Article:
I do

I used to not believe in marriage. It always seemed to be a silly institution established by out-of-date religious organizations and later co-opted by secular governments. Why would a piece of legal paperwork affect the kind of relationship you have with your partner? It certainly increases your risk profile for that relationship ever going south but outside of that, what's the point? Taxes, perhaps? In the US, it can simplify filing with the IRS. It all seemed hopelessly banal, a far cry from champagne and kisses.

But then 2014 came along. We have seven friends getting married this year (i.e. seven couples, fourteen people). That's a LOT of weddings. On top of that, we got married. Twice.

Wedding #1
Our first wedding was up in the hills east of Oakland in a gorgeous redwood grove. We wanted to highlight just the things we really care about. Two longtime family friends played live music as the guests filtered into the park. My mum and aunt who works at a nursery literally walked around Berkeley and Oakland and illicitly snipped flowers and greenery from people's yards for decorations (ninja bouquets!). A fantastic hole-in-the-wall Mexican joint from sketchy East Oakland catered with the best damn tacos ever along with favorites like guac and horchata. Our dear friend officiated the ceremony, another friend's dog was the ring-bearer, and the rest of the afternoon was packed with lawn darts, Suzie Sticks, beer pong, and kubb. Guests signed Jenga pieces instead of a guestbook. On the whole, a fabulous day the park.

Wedding #2
But like more and more couples now a days, our families span continents. My dad's Dutch, my mum's Canadian, and my extended family is scattershot all over the place. Drea's from Colombia and most of her family lives in Cali. So, of course, we wanted to do a second wedding in South America. It ended up just as fantastic and completely different. Everyone gathered on beautiful Lake Calima up in the mountains outside of Cali in Southern Colombia. Another family friend officiated the brief ceremony (I had to brush up my español). Then we dined on an exquisite array of Colombian delicacies, danced the night away to a live salsa band, planted a tree, watched Colombia decimate Uruguay in the World Cup and then jumped in the pool fully clothed to celebrate the win.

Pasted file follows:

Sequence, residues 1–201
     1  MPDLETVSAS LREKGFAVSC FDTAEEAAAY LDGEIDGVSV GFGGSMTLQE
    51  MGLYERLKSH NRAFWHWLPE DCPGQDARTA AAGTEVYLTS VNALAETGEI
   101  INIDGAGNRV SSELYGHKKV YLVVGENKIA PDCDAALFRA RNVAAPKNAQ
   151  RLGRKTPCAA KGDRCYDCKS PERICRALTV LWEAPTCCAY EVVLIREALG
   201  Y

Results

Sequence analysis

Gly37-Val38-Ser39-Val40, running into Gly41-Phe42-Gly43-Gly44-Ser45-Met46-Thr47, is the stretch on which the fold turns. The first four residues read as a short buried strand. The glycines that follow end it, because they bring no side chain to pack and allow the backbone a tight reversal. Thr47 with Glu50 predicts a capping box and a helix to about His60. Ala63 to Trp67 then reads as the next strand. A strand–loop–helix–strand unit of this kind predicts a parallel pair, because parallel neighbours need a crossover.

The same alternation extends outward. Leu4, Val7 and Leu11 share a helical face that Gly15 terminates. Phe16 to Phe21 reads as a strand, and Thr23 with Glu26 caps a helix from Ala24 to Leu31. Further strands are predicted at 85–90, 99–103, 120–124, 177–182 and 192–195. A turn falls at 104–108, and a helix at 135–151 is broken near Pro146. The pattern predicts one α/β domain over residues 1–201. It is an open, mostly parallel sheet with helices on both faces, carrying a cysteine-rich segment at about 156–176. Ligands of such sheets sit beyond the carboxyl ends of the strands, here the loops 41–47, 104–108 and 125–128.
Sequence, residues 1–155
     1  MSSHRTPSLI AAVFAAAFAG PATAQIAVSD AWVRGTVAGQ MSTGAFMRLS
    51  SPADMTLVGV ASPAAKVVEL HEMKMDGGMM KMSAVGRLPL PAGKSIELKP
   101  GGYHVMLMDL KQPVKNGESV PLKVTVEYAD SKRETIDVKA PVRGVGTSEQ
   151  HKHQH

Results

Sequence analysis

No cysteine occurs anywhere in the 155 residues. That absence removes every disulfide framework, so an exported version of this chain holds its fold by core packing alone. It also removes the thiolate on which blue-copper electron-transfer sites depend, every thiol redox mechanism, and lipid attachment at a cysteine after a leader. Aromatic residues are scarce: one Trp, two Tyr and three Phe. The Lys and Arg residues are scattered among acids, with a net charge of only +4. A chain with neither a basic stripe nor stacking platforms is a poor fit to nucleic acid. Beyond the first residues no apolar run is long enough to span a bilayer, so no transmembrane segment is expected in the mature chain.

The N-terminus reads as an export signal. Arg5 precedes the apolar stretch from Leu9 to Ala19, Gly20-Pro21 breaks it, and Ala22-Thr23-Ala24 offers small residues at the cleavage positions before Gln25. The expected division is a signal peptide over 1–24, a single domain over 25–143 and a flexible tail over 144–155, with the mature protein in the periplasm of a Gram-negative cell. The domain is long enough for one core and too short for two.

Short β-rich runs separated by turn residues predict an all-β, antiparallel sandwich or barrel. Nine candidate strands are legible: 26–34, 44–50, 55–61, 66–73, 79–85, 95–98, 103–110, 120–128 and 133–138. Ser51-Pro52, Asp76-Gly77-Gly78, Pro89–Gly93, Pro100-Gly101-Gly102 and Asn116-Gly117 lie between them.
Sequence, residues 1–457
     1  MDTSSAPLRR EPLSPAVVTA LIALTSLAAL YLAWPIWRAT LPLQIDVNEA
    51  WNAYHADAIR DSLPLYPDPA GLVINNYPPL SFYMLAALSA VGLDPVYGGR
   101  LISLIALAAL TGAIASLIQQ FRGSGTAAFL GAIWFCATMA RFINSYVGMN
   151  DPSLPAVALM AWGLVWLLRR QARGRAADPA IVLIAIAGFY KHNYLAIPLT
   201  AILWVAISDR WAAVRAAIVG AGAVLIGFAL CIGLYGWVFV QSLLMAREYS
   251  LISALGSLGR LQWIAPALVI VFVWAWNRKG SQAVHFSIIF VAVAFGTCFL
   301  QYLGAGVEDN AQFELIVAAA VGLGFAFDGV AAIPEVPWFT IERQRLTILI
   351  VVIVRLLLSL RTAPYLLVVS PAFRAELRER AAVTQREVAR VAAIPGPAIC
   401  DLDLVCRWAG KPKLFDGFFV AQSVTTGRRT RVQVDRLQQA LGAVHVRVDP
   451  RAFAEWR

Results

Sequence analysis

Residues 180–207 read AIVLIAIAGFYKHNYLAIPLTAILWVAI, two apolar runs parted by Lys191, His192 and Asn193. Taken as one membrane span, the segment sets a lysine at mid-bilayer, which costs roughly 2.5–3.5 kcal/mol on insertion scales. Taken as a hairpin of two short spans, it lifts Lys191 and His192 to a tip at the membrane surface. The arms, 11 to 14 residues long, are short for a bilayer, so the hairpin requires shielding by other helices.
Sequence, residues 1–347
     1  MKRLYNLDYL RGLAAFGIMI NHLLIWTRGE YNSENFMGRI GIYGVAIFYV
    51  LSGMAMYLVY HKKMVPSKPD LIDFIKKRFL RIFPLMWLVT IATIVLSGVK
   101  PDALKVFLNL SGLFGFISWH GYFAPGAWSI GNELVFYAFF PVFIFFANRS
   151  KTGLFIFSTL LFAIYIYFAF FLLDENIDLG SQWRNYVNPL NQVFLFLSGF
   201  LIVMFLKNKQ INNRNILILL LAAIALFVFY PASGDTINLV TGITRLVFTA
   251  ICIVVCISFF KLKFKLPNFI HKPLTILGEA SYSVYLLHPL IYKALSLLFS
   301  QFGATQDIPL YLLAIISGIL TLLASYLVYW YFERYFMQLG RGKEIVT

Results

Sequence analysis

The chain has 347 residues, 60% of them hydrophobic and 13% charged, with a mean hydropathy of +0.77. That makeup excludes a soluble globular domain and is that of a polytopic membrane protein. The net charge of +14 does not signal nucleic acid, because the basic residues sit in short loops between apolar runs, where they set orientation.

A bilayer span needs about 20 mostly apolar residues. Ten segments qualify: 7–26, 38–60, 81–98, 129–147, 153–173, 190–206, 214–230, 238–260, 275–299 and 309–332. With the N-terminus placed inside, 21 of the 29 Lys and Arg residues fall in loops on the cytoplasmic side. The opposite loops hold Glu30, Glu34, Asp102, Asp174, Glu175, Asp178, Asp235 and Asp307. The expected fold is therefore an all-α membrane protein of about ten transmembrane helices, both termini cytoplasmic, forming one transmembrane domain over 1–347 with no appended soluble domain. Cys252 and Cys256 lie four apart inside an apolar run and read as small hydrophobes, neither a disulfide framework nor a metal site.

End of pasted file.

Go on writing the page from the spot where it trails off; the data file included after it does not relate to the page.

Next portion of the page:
From there we took off on our Colombian honeymoon. We started by exploring the coffee growing region and Nevados National Park with our immediate families and ten friends who had flown in from overseas. Then Drea and I took off to the northern coast of Colombia where we spent a sweltering four days trekking out to The Lost City in the middle of the rainforest in the remote Sierra Nevada mountain range. From there, we stayed at a beautiful little boutique hotel and hiked through Tayrona National Park, a series of spectacular connected Caribbean beaches. Then we were off to San Gil, north of Bogota, where we rafted unbelievable Class V rapids, downhill mountain biked the Andes, walked the historic Camino Real, and paraglided the gargantuan Chicamocha Canyon. Packed with adventure, just how we like it.

During the 7 hour delay on our the flight back to California, we finally had some time to reflect. The entire experience had really changed and shaped us. We had gone into it casually. We would often say, "it'll be super low key, just a fun party." It did turn out to be a fun party. It also turned out to be low key. It didn't turn out to be "just."It was truly humbling to look out at the people that had assembled for both occasions and see so many friends and loved ones standing witness to the event. Both our friend-officiants touched our hearts with what they had prepared and making our vows before the group etched them into our souls. Wedding days number one and two have already firmly established themselves on our running list of Best Days Ever. Seeing the hoops that everyone jumped through and the lengths they travelled to attend will inspire us forever.

At the end of the day, marriage isn't an institution. Or at least, that's not the important part. Marriage is a community. It's all the people who make it their business to empower the promise you make to each other. We stood at the center of a little village and the villagers are going to travel with us for the rest of our lives. I used to not believe in marriage. But now, I do.

Nothing says honeymoon like downhill mountain biking.
I'd like to dedicate this post to my beautiful wife and best friend Drea. She's brilliant, gorgeous, and her giggle is dangerously contagious. She's packed with Colombian-grade passion and her love means the world to me. Oh, and if you're a foodie, her blog is awesome.